The Ulster Farmers’ Union says that current proposals from the Department for the Economy (DfE) to deal with financial difficulties among Renewable Heat Incentive (RHI) participants are inadequate.
The UFU has submitted a response to the DfE’s Call for Evidence on the establishment of a unit within the department to examine cases of hardship among RHI claimants.
Commenting afterwards, UFU deputy president Victor Chestnutt said, “In our submission, we reiterated the view that the proposals as they currently stand are nothing more than a sticking plaster. Analysis of European Union regulations suggests that the only assistance on offer is a six-month loan at commercial rates. This would involve recipients, who are already under financial pressure, having to commit to more debt which makes no sense.”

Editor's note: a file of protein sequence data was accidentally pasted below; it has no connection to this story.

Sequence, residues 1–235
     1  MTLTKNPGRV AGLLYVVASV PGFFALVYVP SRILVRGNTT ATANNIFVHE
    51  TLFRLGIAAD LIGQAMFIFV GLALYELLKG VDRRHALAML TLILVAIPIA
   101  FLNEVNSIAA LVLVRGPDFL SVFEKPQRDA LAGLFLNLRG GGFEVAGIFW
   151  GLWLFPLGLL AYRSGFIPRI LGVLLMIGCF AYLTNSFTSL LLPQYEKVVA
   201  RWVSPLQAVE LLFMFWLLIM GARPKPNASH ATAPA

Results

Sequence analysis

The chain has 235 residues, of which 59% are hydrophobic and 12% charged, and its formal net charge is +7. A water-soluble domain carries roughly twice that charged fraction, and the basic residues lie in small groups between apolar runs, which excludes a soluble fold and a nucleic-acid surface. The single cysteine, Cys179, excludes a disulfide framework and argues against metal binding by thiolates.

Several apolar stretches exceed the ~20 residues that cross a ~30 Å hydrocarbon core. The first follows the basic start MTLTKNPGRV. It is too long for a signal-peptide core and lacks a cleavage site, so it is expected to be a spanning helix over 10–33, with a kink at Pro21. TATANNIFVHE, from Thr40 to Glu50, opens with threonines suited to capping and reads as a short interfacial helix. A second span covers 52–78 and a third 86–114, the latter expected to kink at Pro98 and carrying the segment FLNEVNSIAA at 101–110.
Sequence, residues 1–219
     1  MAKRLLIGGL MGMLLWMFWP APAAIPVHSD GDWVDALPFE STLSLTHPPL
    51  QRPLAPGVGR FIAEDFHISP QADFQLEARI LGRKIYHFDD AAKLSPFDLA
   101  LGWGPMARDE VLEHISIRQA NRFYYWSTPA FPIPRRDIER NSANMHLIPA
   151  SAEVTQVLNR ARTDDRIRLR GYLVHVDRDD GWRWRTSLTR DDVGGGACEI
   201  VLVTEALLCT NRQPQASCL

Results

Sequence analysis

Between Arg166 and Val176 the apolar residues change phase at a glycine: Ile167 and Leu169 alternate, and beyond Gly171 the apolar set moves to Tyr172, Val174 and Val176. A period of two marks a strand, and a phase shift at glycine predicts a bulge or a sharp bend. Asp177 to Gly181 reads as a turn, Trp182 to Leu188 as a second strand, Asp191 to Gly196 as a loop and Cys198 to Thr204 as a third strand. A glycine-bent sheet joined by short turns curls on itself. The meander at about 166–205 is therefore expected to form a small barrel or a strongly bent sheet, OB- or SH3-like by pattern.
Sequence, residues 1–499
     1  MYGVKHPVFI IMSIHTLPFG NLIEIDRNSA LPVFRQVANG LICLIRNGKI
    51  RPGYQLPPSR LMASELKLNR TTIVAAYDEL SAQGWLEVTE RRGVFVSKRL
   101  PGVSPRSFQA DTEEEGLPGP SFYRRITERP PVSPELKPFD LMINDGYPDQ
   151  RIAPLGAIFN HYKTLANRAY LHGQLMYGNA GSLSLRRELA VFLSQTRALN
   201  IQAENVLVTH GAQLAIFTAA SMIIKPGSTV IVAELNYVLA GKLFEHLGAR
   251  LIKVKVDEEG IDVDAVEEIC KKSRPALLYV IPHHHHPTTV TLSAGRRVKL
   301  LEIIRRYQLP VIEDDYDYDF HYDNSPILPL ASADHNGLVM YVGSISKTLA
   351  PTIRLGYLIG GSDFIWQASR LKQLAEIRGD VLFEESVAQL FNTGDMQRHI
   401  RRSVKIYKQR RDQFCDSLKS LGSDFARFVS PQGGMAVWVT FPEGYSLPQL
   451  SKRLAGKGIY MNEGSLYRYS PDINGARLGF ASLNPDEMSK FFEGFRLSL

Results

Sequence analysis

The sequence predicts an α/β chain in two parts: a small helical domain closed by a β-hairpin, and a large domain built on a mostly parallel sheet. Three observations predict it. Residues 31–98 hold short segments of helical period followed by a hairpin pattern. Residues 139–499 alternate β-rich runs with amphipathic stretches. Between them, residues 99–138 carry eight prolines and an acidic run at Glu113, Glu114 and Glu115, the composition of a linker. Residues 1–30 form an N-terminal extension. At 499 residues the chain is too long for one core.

Chestnutt said farmers had no confidence or trust in DfE as department officials continue to dismiss the serious situation that many farming families are now in due to RHI – their livelihoods are at stake.
“In the supporting documentation, DfE would appear to fail to grasp the exact nature of the hardship being faced by RHI recipients and we made this clear. RHI participants are being made the scapegoats for the failings of government. They entered into a government scheme in good faith and were essentially sold out,” he said.
“As well as other reservations, we voiced our concerns at any possibility that the chair and panel of the proposed unit may be appointed by DfE. We stressed that members of this panel should not have had any connection with DfE either presently or historically,” Chestnutt added.